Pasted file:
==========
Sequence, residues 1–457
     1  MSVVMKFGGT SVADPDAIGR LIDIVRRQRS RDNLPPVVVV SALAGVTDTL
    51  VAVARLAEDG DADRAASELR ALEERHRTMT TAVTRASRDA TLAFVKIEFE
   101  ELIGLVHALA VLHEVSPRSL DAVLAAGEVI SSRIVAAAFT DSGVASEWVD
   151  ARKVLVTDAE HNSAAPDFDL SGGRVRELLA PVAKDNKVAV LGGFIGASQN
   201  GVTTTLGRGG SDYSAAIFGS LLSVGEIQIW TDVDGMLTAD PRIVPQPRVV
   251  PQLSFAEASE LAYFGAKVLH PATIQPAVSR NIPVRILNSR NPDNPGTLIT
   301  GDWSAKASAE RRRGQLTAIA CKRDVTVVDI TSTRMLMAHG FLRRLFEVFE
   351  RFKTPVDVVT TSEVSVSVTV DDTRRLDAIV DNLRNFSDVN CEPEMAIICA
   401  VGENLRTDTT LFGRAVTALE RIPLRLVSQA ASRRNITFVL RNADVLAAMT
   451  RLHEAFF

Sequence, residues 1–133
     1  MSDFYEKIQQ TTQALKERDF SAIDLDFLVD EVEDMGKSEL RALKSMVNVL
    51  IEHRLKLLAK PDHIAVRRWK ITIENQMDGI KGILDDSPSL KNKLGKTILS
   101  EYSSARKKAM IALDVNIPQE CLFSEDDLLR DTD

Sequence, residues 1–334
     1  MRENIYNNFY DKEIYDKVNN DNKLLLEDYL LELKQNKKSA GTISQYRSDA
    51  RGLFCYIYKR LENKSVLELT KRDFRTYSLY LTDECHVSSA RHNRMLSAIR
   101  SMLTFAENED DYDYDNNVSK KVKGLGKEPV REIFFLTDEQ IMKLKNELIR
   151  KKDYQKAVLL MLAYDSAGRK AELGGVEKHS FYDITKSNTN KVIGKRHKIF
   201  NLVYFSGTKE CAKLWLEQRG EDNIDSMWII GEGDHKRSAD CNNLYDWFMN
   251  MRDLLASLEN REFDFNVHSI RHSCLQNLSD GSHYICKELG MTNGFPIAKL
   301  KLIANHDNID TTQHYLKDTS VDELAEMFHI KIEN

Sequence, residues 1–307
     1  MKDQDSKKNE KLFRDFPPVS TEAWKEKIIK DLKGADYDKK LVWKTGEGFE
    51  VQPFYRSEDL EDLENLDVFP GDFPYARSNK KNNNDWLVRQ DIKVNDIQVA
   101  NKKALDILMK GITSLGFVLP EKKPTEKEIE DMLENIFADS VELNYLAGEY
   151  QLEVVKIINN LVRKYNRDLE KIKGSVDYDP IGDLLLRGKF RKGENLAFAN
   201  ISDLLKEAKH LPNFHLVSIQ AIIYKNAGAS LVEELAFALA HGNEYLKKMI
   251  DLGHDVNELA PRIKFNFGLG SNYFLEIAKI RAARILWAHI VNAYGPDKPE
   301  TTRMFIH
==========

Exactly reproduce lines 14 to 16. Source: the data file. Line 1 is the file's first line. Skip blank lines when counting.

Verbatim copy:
    51  IEHRLKLLAK PDHIAVRRWK ITIENQMDGI KGILDDSPSL KNKLGKTILS
   101  EYSSARKKAM IALDVNIPQE CLFSEDDLLR DTD

Sequence, residues 1–334